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    First Published: August 2003
       This is an OutUK Archive Item and so some of the links and information may be out of date.
OutUK correspondent Rex Wockner visited South Africa earlier this year checking it as a gay holiday destination which offers a whole lot more than Mykonos or Key West. Here's his holiday diary.


Cape Town is a stunning oceanside city as beautiful as any in the world with First World gay life, a Mediterranean climate, nice hotel rooms for 15-30 and and nice restaurant meals for 3-5. What's the catch? Flights are more expensive than to Southern Europe or the States and, in present-day South Africa, one needs to be more concerned about crime than in the U.S. There are no other catches. The extra money you spend on air fare, you will more than recoup in savings once in South Africa. The rand changes around 16 to the pound these days. As for crime, take the same precautions as you would in Mexico or the Caribbean and don't go places that guidebooks and acquaintances advise against. Which is not to suggest South Africa is a Third World country. What it is, oddly, is a First World country inside a Third World country. But to find that Third World, as a visitor, you have to go looking for it, an outing I'll detail below.


I arrived courtesy of South African Airways and was collected at the airport by Henry James of Cape Town Tourism and his lover Alastair Delport, and deposited at Newlands Guest House. The guest house and owner Garth Luxton, who is gay, were very charming, though the location is a little far from the centre of the action.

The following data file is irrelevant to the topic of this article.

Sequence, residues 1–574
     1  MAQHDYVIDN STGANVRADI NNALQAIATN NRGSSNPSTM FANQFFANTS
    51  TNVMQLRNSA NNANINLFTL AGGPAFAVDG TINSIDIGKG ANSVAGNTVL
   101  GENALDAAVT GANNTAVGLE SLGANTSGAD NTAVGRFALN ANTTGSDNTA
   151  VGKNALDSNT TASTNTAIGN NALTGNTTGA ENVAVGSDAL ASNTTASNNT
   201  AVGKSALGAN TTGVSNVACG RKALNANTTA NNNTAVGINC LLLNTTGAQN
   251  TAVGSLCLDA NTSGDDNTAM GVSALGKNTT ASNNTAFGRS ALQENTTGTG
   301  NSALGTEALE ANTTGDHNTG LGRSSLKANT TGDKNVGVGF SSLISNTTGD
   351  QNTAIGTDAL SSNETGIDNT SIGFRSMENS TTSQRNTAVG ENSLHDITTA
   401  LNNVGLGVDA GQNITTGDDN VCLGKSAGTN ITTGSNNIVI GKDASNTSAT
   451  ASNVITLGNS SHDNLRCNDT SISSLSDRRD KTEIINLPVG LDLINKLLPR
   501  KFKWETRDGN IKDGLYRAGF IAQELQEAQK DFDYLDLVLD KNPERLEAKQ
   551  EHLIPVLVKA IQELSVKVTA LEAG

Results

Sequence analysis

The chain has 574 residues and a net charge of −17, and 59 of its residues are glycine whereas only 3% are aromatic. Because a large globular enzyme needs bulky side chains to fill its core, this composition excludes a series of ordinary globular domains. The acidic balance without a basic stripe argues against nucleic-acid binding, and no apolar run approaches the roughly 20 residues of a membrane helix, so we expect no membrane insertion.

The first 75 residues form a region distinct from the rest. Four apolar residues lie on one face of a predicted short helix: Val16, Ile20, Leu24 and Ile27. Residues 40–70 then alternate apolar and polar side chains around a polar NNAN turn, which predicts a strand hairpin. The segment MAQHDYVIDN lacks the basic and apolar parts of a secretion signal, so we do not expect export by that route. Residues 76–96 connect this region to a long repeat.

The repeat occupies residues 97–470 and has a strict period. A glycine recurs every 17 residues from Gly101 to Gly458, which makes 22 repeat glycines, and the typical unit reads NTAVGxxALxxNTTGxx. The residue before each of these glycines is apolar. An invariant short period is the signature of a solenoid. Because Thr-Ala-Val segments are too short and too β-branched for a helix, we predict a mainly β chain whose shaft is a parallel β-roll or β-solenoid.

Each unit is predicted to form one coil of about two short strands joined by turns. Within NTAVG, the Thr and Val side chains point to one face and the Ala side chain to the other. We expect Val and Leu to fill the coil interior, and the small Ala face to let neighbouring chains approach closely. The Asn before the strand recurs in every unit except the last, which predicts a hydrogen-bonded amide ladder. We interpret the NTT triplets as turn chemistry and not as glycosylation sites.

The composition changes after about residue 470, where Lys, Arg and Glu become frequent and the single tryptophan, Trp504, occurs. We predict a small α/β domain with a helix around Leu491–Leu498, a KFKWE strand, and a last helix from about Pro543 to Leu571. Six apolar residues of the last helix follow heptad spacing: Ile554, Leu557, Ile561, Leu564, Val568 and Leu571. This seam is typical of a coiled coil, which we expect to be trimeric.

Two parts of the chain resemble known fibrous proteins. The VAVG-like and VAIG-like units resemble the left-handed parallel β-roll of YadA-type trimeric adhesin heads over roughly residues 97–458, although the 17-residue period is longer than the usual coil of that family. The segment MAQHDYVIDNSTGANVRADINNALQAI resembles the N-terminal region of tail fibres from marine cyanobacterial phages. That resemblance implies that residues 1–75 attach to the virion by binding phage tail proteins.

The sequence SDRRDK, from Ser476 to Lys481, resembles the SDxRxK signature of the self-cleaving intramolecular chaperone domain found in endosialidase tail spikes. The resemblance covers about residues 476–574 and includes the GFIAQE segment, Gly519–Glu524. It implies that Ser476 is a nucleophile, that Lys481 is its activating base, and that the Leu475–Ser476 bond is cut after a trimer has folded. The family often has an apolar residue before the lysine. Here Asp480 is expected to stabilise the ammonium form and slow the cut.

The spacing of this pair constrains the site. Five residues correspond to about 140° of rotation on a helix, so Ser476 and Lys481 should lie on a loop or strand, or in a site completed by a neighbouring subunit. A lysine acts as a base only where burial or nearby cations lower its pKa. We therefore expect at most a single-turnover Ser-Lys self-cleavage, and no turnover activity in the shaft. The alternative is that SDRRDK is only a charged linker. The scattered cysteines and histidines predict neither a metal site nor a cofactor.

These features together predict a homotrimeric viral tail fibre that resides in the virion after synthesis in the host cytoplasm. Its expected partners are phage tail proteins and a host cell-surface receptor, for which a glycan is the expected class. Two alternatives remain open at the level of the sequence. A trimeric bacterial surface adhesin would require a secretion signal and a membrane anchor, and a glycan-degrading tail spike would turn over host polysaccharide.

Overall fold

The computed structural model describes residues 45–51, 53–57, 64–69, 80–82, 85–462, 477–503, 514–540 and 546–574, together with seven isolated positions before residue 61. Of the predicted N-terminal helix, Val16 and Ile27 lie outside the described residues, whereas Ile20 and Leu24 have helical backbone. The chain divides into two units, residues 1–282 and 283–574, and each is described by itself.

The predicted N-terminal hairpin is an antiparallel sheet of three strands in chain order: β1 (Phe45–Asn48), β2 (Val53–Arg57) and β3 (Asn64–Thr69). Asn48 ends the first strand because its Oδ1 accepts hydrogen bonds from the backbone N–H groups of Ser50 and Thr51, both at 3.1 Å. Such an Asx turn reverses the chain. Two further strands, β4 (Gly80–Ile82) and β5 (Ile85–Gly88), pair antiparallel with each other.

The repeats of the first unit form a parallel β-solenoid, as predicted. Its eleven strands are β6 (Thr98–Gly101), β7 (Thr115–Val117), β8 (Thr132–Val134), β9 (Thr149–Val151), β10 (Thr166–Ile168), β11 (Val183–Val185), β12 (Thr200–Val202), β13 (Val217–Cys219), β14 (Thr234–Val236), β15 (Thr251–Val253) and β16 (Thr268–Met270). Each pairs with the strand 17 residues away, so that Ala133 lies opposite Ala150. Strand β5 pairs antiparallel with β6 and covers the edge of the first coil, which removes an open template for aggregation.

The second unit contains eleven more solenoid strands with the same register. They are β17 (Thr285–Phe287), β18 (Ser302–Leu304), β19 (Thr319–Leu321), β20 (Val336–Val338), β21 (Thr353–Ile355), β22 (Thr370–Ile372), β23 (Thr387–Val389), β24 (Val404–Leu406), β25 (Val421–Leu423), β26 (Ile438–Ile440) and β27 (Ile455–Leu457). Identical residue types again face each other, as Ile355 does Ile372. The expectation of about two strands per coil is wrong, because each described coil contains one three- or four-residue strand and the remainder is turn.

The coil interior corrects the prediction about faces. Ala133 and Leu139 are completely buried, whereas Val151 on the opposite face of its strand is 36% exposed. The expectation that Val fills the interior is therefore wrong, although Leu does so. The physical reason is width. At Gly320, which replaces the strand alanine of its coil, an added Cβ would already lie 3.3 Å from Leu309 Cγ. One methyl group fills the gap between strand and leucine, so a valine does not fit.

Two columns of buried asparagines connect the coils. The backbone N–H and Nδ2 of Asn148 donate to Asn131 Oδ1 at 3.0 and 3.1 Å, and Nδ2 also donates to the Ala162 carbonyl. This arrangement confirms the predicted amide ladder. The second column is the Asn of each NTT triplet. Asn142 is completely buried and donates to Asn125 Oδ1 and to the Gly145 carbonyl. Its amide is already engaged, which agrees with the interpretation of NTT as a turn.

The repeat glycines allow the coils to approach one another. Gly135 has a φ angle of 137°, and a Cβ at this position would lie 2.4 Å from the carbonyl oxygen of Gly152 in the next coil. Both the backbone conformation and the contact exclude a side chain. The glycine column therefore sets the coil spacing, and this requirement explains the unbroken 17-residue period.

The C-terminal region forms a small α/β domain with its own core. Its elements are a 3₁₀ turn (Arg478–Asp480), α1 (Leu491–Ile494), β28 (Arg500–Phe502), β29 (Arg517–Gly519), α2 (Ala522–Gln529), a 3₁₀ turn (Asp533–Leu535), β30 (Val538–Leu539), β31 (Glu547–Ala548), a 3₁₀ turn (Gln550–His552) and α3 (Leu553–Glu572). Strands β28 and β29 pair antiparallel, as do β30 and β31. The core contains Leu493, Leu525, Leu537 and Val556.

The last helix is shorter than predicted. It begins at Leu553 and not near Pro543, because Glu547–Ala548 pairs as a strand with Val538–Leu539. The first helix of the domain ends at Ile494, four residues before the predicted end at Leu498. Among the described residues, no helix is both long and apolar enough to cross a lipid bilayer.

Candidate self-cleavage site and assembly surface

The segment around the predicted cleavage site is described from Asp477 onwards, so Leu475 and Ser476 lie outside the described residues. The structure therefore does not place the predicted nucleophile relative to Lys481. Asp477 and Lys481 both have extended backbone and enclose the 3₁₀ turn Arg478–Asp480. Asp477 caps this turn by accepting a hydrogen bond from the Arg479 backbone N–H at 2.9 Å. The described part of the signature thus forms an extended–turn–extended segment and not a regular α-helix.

After settling in I bopped over to the Cape Town Tourism office to catch up on my e-mail then set off with Enid Vickers for a walking tour of downtown. Enid and I became e-mail buddies during the six-month process of setting up my trip. She works for a PR agency, has many journalist pals, and somehow managed both to be my nearly constant companion during my visit and to get her work done.

Dinner was at the tasteful gay restaurant Gorgeous with Sheryl Ozinsky, the openly lesbian head of Cape Town Tourism.


The next morning, feeling a little jet-lagged yet frisky, I set off with the gay company Classic Cape Tours to the Cape Peninsula, The Cape of Good Hope and Cape Point.
We went via the picturesque villages of Fish Hoek and Simon's Town the main naval port. Cape Point is stunning and feels like the complete bottom of the world, but I was even more intrigued by the wild ostriches running around and the wild baboons that jumped on top of the car in front of us.
Baboons stop traffic in Western Cape Province.
Photo by Rex Wockner
Dinner was in the seaside village of Hout Bay at the Chapman's Peak Hotel (try the calamari) with Enid and Andrew Barnes, a reporter for ETV, South Africa's independent network. A former DJ at KFM, Andrew made news when he sued over the ban on gay blood donations. The case is still pending. Before dinner, Enid and I had drinks with an editor for the Weekend Argus and his wife at Panama Jack's. I was pleased to deduce that South African mainstream newspaper journalism is objective and First-World-calibre when it comes to independence.

Day 3


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